By Rogers Worthington
TRIBUNE STAFF WRITER
Date of Publication: May 6, 1998
Source: Chicago Tribune
For years, public officials have talked about the need for mass transit to carry the growing legion of reverse commuters from Chicago to the job-rich northwest suburbs.
But no transportation agency has been willing to front the money for a serious look at the best way to ferry workers through the increasingly congested northwest corridor, where traffic on some roadways is up to 4 1/2 times capacity.
On Tuesday, however, the Regional Transportation Authority's planning committee recommended signing a $448,462 contract with a New Jersey consulting and engineering company. The full RTA board is expected to approve the deal Thursday.
The consultant's one-year mission will be to identify several cost-effective ways to improve transportation through the heart of the northwest suburbs.
"It's a highly congested corridor with almost as many jobs as people," said Sidney E. Weseman, the RTA's planning manager, who will oversee the project.
The five suburbs involved in the project--Schaumburg, Elk Grove Village, Rosemont, Rolling Meadows and Hoffman Estates--were unanimous in picking the consultant, Parsons Brinckerhoff Quade & Douglas Inc.
"This is great news," said Schaumburg Mayor Al Larson, who favors extending the Chicago Transit Authority's Blue Line to his village from its current end point at O'Hare International Airport.
"This means we can proceed and ultimately, hopefully, have some kind of rapid mass-transit corridor along the toll road, bringing people out to where the jobs are and carrying suburbanites to O'Hare."
Transportation options will include high-occupancy toll lanes on the Northwest Tollway. The study also will analyze rail and other transit options along the tollway as well as other major roadways.
Elk Grove Village Mayor Craig Johnson hailed the study as potentially having "tremendous benefits" for the entire region.
"It will be good for Chicago, for O'Hare airport, for the northwest suburbs, for everyone involved," he said.
Parsons Brinckerhoff will answer to a committee made up of representatives of the RTA, the Illinois State Toll Highway Authority and the five participating northwest suburbs.
The RTA will advance the entire cost of the contract, with the toll authority and the municipalities reimbursing the agency for two-thirds of the expense.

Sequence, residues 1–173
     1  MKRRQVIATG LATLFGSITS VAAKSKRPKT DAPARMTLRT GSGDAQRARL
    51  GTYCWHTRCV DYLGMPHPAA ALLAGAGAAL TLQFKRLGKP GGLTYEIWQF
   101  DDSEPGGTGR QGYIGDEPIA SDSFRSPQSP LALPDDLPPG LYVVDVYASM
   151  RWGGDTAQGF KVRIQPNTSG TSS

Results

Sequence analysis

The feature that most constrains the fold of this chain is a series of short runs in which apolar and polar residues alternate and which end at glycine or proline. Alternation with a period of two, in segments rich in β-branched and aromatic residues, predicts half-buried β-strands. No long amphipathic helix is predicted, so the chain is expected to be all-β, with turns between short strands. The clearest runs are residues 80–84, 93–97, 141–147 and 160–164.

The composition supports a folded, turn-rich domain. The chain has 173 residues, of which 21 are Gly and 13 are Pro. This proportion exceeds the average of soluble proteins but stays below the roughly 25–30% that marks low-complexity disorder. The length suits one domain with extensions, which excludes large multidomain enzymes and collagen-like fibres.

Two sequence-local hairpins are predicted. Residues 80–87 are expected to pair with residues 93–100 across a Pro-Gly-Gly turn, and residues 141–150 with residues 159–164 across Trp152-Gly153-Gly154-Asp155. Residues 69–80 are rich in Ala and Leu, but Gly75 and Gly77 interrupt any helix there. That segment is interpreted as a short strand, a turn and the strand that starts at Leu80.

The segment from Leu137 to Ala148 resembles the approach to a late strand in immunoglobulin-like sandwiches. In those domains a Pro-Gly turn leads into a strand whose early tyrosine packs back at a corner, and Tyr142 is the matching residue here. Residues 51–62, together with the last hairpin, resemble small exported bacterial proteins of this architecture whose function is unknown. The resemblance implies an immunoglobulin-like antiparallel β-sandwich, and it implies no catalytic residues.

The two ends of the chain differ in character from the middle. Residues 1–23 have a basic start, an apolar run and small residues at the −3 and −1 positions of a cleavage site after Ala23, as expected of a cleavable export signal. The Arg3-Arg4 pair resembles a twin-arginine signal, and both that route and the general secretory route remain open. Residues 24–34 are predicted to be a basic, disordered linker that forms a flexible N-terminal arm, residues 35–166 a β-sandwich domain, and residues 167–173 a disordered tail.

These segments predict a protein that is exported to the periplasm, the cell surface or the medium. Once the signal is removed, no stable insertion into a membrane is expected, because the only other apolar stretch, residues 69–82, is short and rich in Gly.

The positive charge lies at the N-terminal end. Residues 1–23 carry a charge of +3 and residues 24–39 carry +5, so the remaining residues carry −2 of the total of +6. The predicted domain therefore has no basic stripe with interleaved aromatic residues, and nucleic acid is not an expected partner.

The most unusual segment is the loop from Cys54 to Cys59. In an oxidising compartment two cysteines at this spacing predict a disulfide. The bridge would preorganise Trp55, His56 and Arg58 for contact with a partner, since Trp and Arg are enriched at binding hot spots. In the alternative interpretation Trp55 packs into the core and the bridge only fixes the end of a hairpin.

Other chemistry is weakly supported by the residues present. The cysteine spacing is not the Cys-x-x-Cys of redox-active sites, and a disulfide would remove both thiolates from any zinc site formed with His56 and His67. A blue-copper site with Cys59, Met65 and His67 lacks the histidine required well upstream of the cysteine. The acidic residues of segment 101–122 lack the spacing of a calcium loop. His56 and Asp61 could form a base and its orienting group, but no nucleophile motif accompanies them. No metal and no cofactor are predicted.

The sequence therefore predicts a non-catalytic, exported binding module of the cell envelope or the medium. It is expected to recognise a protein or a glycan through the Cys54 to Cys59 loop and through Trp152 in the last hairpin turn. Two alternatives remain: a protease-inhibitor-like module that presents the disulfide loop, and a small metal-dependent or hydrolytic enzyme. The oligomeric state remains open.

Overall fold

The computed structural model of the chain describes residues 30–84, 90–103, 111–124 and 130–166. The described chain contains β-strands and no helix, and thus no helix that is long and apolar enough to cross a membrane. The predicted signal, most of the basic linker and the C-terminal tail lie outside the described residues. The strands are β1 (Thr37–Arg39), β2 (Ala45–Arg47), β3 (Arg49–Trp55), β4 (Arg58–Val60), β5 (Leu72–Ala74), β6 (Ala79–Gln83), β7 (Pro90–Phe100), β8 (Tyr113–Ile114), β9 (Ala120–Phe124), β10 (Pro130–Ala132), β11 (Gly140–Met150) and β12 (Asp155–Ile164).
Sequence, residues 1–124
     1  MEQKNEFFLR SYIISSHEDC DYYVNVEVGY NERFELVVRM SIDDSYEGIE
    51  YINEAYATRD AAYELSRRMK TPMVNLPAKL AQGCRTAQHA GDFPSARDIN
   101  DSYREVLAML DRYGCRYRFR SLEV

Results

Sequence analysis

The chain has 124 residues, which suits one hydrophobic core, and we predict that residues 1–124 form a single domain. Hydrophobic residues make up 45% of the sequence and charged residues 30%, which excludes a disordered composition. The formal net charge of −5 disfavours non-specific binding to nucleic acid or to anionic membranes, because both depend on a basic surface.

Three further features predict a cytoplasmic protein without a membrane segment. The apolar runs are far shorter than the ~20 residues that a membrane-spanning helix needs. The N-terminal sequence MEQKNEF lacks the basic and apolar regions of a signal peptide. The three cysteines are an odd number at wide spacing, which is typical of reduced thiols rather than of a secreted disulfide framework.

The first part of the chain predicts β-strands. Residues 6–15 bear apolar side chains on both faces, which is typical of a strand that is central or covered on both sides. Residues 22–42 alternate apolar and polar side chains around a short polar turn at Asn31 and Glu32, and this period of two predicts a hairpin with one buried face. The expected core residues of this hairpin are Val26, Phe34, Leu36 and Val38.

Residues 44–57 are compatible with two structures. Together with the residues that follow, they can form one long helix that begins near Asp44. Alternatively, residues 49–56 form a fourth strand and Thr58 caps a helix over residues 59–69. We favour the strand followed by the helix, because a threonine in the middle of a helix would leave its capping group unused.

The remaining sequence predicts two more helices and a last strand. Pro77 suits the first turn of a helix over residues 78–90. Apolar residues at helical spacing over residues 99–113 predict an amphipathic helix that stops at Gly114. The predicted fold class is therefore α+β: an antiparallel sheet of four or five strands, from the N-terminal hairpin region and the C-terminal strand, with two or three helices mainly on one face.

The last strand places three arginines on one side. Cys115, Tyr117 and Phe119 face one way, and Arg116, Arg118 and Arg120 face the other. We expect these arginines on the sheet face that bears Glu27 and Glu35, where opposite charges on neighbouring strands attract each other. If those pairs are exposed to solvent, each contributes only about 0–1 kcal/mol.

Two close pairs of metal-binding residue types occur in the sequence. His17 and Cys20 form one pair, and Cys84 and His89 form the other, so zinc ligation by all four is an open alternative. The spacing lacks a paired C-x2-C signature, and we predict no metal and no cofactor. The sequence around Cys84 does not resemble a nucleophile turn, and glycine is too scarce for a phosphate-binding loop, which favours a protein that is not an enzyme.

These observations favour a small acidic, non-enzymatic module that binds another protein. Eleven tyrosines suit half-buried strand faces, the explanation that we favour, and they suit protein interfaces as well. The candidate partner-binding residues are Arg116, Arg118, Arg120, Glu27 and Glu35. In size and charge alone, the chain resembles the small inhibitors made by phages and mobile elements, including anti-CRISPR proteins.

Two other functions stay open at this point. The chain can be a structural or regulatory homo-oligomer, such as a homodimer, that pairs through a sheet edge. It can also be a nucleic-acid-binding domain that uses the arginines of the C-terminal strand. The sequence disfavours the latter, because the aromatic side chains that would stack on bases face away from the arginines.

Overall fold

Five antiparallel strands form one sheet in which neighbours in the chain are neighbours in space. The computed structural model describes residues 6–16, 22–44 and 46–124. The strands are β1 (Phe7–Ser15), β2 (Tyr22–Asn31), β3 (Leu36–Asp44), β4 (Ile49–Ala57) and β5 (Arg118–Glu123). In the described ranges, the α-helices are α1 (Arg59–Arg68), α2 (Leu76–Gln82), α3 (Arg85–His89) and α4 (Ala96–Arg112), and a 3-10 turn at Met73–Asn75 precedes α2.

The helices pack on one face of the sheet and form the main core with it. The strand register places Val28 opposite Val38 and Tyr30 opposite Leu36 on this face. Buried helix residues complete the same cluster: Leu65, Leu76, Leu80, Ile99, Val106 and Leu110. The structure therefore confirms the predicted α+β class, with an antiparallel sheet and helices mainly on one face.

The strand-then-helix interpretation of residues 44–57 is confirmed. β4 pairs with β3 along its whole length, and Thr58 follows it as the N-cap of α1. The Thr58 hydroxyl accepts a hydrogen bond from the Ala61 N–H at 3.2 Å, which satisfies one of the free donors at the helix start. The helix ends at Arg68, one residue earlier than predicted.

When it joined the corridor effort, the tollway authority suspended plans for constructing an additional lane on the Northwest Tollway from just east of the Tri-State Tollway west to Roselle Road. But the tollway is under no obligation to surrender its right of way for mass-transit use, if that is the solution selected.
Still, Weseman said he is cheered by the tollway's willingness to participate in the corridor project, the first time the agency has done so with the RTA, he said.
"They're open to considering things other than an added lane. I think that's a very positive sign," he said.
After reviewing market analysis data for the region, Parsons Brinckerhoff will produce by July 31 an overview of the corridor's transportation needs, Weseman said.
In doing so, the firm must consider proposed transportation projects and their potential impact, such as the proposed extension of Illinois Highway 53 into Lake County, Weseman said.
Next, the firm will solicit ideas from all the participants in the project and will hold public meetings to gather input.
If agreement is reached on a solution, it could then be included in the scheduled review in two years of the Chicago Area Transportation Plan for the year 2020. The project must be included in the plan to receive federal funding.
In other business Tuesday, the RTA's planning committee recommended approval of a $70,000 Metra feasibility study for passenger service on Metra's Union Pacific/CSX freight line in the south suburbs to Crete and Monee.
The committee also recommended spending $29.5 million to upgrade signals on the CTA's Red Line, an additional $1 million to expand storage at the CTA's Kimball Yard for the Brown Line and $79,500 for a contract with a California company to study Pace's marketing and strategic plans.